So, when Laura Wehrmeyer’s gorgeous soprano opened the Little Theatre of Alexandria production with Lucy Simon’s gorgeous melody and these beautiful Marsha Norman lyrics
“Clusters of crocus,
Purple and gold
Blankets of pansies,
Out from the cold.
Lilies and iris,
Safe from the chill.
Safe in my garden,
Snowdrops so still.”
Those memories and tears of that chilly spring night in 1991, flooded back, and she “had me.” And when she Laura sang “Come To My Garden” and “How Could I Ever Know” with Bryan Bender, who played the ever-suffering Archibald Craven, I lost it again. It was sheer beauty which you rarely see on the stage, and Laura, the garden never looked so beautiful.
And a special congrats to young Whitney Turner, whose tough, yet tender, Mary Lennox lit up the LTA stage. And what a beautiful voice! Daisy Egan, who won the Tony playing Mary in the original Broadway production, would have beamed!! A better Mary has rarely graced our local stages!
(You probably didn’t know that gardening is one of my passions. Where do you think I get my sense of humus)?
The ensemble: Kevin Adams, Carolyn Again, Joe Baker, Christina Coakley, Sally Cusenza, Shadia Hafiz, Sheri S. Herren, Jim Howard, Michael Innocenti, David Jourdan, Mike Kozemchak, Timothy Hayes Lynch, Rich Montgomery, Roger Payano, Jane E. Petkofsky, Susan Marie Rhea, Jennifer Richter, Colin Smith, and Daniel Steinberg.
If ever a group of actors earned its kudos and paychecks, it was the ensemble of Keegan Theatre’s non-stop production of Brendan Behan’s The Hostage at Church Street Theatre.
I still don’t know why this group of 18 exhausted actors didn’t collapse on the stage at the end of this non-stop, entertaining production. I was exhausted watching them running in and out of doors and up and down stairs, singing Irish songs, performing several scenes simultaneously, dancing, and drinking, while moving along the story of Leslie (sweetly played by Joe Baker) who nervously wondered if he would live another day.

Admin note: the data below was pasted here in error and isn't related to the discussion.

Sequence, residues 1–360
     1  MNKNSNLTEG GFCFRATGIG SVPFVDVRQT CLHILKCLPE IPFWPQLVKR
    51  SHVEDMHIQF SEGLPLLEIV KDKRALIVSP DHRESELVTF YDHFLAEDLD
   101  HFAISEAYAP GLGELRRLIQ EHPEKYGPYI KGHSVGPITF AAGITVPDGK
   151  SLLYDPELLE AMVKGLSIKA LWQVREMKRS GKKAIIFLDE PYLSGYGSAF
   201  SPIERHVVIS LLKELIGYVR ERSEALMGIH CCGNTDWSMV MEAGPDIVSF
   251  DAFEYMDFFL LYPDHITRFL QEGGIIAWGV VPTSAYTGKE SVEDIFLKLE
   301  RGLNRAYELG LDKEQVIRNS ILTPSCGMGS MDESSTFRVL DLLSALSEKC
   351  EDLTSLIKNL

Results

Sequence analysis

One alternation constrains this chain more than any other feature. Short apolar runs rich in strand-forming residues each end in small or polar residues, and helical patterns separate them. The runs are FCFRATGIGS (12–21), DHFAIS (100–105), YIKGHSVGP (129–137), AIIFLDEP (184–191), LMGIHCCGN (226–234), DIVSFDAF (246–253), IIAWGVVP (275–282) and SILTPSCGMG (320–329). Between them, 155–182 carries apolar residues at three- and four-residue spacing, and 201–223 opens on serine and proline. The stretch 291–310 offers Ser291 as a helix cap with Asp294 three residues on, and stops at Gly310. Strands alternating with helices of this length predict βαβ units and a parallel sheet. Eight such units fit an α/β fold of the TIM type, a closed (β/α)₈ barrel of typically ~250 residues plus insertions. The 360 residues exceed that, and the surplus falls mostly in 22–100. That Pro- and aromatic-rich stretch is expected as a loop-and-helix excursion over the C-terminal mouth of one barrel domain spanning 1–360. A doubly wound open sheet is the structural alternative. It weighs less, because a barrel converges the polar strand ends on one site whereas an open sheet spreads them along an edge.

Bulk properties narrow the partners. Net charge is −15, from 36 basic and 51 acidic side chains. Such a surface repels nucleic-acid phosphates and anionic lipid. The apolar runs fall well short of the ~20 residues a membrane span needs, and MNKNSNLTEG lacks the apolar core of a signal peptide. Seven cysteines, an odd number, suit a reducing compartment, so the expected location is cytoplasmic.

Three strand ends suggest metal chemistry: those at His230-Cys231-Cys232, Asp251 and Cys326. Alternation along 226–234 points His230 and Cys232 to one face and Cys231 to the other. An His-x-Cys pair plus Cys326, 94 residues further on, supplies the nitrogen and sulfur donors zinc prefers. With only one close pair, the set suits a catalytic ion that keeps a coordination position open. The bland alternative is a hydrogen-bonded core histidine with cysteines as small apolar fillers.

It was like the Irish Marx Brothers, the Dublin Keystone Cops – funny and serious all at once, with numerous emotions oozing out of the tireless group of 18 talented performers. And that’s no blarney!
But, my stout’s off to David Jourdan, who not only served as the musical director for this wild production, but also was the master of ceremonies and the guitar strumming and singer extraordinaire. The man who provoked foot stomping and hand clapping from the much – involved audience, gave a performance that. I hope Helen Hayes Awards judges will remember next year. And until then, remember DCTS’ Audience Choice awards based on the season coming in August.
So to the ensemble of The Hostage, I offer you this Irish toast:
“May the luck of the Irish
Lead to happiest heights
And the highway you travel
Be lined with green lights.
Wherever you go and whatever you do,
May the luck of the Irish be there with you.”
Have aGuinness, or three or four, on me! You earned it!
James Gagne, Manolo Santalla, Halsey Varady and Stewart Walker.
If ever a small group of actors creeped me out and left me shaken, it was the powerful cast of Sam Shepard’s Fool For Love, directed by Helen Hayes Award Winner (for The Dazzle at Rep Stage) Kasi Campbell.
When I walked into the intimate black box at Montgomery College in Silver Spring, I knew nothing about this play, except that my favorite local director was at the helm, so I knew I was in good hands.
What I didn’t expect, was the power that this incredible cast of 4 would cast on the audience and me in 80 minutes. The spookiness came from the performance of Manolo Santalla, who played “The Old Man,” sitting in a bashed up car, rarely saying anything. Let’s just say, his character came through in the clutch and steered the creepiness of Sam Shepard’s play about the compulsion of two people, who really shouldn’t be together, who just can’t get away from each other.
You just wanted to smack and shake Stewart Walker, who played Eddie, the rodeo-cowboy and Halsey Varady, who played the pathetic and psychotic May. They were that effective. Hats off to James Gagne, who although rarely on the stage, contributed to the Shepard-esqueness of the production.
Creepy? Yes! Spooky? Yes! Unforgettable? Damn right, cowboy!